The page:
Auckland University Press has released more than 240 classic books from the region in ebook format. This can be considered a significant development considering many of the books that have been launched in digital format have ceased to be in print for long. Not only do the literary works get a new lease of life, the newer generations too get the chance to get acquainted with past works of literature. This has been made possible thanks to the efforts of Creative New Zealand, the country's national arts developmental agency, Copyright Licensing New Zealand and the Vice-Chancellor's Strategic Development Fund at the University of Auckland.
Among the titles that has been released in ebook format include 'Keith Sinclair's Origins of the Maori Wars and M. P. K. Sorrenson's three-volume, collected letters of Apirana Ngata and Sir Peter Buck, Heather Nicholson's award-winning story of knitting The Loving Stitch, Ian Wedde's Spells for Coming Out and Roger Horrocks's superb biography of Len Lye.'
“Over a hundred of the titles were published long before PDFs, so we sent hard copies off to India for conversion and then checked them back in New Zealand. For many of the old books, our information on the author and the title was shaky. Finding covers, updating websites, contacting authors and their estates – all of this work allowed us to get to know again the amazing depth of the Auckland University Press list,” the press release revealed.
Auckland University Press also stated all of their ebooks are available with major ebook retailers, which includes Amazon, Barnes & Noble, Google, Apple, Whitcoulls and so on.
“Along with our US distributors IPG, we have been fortunate to partner with Faber Factory who handle our digital distribution outside North America. Rooted in one of the world's great publishing houses, the Faber Factory team have developed innovative ways to make sure ebooks get out to multiple retailers in multiple formats around the world, to monitor availability, sales and pricing in real time, and to promote ebooks to readers,” the press release stated.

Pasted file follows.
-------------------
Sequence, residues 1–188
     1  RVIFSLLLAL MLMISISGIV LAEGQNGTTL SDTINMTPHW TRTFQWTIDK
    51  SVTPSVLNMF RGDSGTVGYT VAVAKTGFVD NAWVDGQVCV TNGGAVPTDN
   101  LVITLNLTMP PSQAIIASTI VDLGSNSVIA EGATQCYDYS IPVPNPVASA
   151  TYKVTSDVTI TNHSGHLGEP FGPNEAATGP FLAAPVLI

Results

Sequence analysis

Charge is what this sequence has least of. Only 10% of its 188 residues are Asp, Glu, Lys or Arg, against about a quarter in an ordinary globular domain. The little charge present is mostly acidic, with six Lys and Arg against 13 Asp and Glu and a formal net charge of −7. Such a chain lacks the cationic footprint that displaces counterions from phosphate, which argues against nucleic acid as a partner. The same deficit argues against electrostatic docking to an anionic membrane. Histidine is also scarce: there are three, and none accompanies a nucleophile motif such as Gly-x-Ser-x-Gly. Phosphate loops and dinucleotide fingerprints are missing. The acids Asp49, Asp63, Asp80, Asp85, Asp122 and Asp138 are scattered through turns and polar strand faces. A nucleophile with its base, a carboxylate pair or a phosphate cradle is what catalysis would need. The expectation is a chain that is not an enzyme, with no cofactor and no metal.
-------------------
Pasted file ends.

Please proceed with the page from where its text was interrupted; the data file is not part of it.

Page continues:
The ebooks are available in epub and mobi ebook format along with PDF for many of the titles.
Sunday, November 17, 2013
Verdict: 5 Stars
This book should come with a warning: Don’t even open the cover until you’ve got your adult diapers firmly in place. Even from the Introduction, Brosh will have you crossing your legs while you laugh.
Fans of Brosh’s blog, Hyperbole and a Half, turned out to purchase the author’s debut graphic novel (Touchstone), complete with her intentionally crudely drawn illustrations that just put the finishing touches on her amazing storytelling capability. In what is probably not even close to the weirdest thing about this book, it is at this very moment the number one bestseller on Amazon in the Love/Sex/Marriage, Satire, and Biography & History Graphic Novels categories. There’s not a metadata genius on Earth who can explain that.
For the most part, Brosh’s writing serves as an amazingly hilarious cautionary tale for the rest of us. Our lives look stellar in comparison, and that’s even if we were facing jail time for a minor but repeat offense. However, the author also pours open several veins when she tackles the topics of self-loathing and clinical depression, even while making you laugh.
Some of the criticisms of this graphic novel have been that there’s not enough new material, citing that most of the content within the book has been posted previously on the author’s blog. While frustrating for longtime fans of the site, new readers will delight in the side-splitting stories; additionally, a number of well-known bestselling titles that were curated from popular blogs contain previously published content. Readers will still enjoy having a collected volume of their favorite Brosh stories.